Now, the cute thing about your ratio of accelerations equation is that you don't actually have to know much about the electric field. To be precise, if you want to compute the ratio of the accelerations to order v^2, it suffices to know the electric force to order 1 since the magnetic force is already of order v^2. You are forced to add the extra caveat that your equation is only valid to order v^2, but this isn't too big a deal. You see, the relativity group of nature should be continuous corresponding to the continuous range of relative velocities. This means, though it is perhaps not obvious, that you only need to know the infinitesimal transformations to get the whole group (with some important caveats that we don't need to worry about right now). Everything you've done is therefore valid, up to order v^2. I'm getting tired so I will come back later to talk more about the Lorentz vs. Voigt issue.

Last edited: Apr 3, 2006
12. ### Physics MonkeySnow Monkey and PhysicistRegistered Senior Member

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Ok, so I left off with the observation that pure electromagnetism is invariant under the Lorentz transformation but also under any change of scale. This invariance is deeply connected to the massless nature of the photon. Pure electromagnetism cannot therefore decide between the Voigt transformation and the Lorentz transformation.

So what about matter? Massive particles have, well, mass, and this mass defines a length scale which is nothing but the Compton wavelength of the particle. Because they come with an invariant length scale, we don't expect massive particles to be invariant under conformal transformations. With that in mind, the first thing to notice about the Voigt transformations is that the transformations don't form a group! For example, try transforming to S' moving at v with respect to S and then to S'' moving at -v with respect to S'. You won't get x'' = x, t'' = t, y'' = y, z'' = z, S is different from S''! What you find is that x'' = &gamma;<SUP>-2</SUP> x, t' = &gamma;<SUP>-2</SUP> t, etc. So the result of doing v then -v isn't the identity transformation, it's a conformal transformation. This isn't surprising since the Voigt transform was really a combination of the Lorentz transformation and a conformal transformation. The Lorentz part clearly inverts when successively doing L(v) then L(-v), but the conformal part builds up. I would have to do one more conformal transformation to really get back to the same coordinate system. Photons don't care about the difference, but massive particles do.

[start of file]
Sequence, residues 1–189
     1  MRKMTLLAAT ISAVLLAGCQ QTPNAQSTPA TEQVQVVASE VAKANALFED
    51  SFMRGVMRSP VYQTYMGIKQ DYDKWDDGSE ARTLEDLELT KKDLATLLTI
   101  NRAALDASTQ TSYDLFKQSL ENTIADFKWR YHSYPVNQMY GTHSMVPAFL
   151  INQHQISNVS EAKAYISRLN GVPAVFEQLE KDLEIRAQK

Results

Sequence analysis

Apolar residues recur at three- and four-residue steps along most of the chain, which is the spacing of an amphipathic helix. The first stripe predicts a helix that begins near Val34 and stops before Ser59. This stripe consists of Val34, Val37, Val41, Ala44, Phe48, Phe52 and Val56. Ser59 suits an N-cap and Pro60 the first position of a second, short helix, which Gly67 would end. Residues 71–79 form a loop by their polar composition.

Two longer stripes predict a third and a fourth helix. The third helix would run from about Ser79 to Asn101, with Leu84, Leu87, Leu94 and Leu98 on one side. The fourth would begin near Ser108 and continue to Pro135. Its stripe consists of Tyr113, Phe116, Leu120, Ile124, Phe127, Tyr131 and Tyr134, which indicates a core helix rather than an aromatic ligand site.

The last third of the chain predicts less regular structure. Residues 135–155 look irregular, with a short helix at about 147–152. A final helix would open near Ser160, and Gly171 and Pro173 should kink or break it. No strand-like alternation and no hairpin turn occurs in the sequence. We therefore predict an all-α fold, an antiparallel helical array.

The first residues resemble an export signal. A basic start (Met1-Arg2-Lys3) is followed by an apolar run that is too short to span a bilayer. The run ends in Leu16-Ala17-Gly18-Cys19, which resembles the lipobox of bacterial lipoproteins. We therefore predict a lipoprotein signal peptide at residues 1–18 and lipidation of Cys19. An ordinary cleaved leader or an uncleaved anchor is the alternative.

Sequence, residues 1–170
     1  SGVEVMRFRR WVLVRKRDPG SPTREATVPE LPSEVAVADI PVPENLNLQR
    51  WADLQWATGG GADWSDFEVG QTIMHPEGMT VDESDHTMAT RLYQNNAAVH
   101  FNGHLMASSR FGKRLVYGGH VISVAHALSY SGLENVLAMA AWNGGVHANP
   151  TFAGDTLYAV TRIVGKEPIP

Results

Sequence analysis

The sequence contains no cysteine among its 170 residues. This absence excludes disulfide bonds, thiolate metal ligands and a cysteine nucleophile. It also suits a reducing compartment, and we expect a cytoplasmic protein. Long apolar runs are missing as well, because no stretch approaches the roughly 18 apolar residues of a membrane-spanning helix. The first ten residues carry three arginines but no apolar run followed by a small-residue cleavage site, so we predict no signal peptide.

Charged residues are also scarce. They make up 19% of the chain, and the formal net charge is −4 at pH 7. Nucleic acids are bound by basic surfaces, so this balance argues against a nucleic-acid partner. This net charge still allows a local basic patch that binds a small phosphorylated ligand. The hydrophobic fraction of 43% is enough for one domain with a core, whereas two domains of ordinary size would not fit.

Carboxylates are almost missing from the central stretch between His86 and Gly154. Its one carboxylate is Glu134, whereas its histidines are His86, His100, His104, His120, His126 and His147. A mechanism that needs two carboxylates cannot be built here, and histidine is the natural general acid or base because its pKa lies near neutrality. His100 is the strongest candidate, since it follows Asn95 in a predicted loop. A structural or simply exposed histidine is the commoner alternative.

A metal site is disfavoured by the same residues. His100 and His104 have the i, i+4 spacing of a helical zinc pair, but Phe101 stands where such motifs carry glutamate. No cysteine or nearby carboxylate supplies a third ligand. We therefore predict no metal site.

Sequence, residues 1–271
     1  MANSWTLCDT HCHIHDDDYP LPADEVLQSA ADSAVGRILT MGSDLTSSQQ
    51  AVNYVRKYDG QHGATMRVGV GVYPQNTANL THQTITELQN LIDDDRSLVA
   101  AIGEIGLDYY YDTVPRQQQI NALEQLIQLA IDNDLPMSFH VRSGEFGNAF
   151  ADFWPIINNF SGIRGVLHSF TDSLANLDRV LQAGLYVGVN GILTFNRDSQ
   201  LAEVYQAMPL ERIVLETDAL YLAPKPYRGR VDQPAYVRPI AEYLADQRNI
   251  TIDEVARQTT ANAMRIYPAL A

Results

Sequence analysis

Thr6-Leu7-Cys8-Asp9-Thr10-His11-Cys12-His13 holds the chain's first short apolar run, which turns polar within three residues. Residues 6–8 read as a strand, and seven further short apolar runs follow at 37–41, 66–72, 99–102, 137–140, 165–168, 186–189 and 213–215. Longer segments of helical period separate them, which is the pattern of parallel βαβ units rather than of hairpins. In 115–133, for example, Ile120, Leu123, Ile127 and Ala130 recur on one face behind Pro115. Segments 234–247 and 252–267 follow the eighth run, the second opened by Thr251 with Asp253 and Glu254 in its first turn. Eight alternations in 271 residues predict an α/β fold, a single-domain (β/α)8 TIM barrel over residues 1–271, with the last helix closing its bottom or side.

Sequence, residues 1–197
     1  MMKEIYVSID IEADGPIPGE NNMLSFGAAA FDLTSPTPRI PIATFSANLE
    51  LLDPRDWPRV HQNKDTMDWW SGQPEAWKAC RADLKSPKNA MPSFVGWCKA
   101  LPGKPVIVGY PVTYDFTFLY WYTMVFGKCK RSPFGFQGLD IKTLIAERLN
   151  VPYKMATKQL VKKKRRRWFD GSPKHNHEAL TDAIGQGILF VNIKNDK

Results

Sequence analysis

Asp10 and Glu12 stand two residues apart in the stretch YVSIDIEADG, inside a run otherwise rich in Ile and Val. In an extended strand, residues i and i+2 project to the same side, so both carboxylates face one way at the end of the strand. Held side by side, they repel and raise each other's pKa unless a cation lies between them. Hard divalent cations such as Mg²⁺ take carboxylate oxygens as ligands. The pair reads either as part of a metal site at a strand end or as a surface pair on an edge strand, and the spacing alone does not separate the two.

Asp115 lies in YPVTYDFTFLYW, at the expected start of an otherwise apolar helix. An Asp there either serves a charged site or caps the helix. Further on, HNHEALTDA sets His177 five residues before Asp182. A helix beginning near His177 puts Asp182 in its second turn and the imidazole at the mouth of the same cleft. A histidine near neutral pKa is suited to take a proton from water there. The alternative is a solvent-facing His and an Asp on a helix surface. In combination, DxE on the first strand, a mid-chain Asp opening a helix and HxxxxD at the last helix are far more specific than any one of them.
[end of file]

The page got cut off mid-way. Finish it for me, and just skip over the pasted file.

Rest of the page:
But the real transformation that connects coordinates in S and S'' must be the identity, right? All this means is that we aren't allowed to apply the Voigt transformation to every frame. In other words, the Voigt transformation implies a preferred frame relative to which it is valid, and we can measure our speed relative to that frame with simple experiments. Thus if we believe the principle of relativity, Voigt can't be right. Of course, Nature could have turned out that way, although it almost hurts me to think about such an ugly possibility.

Last edited: Apr 9, 2006
13. ### DaleSpamTANSTAAFLRegistered Senior Member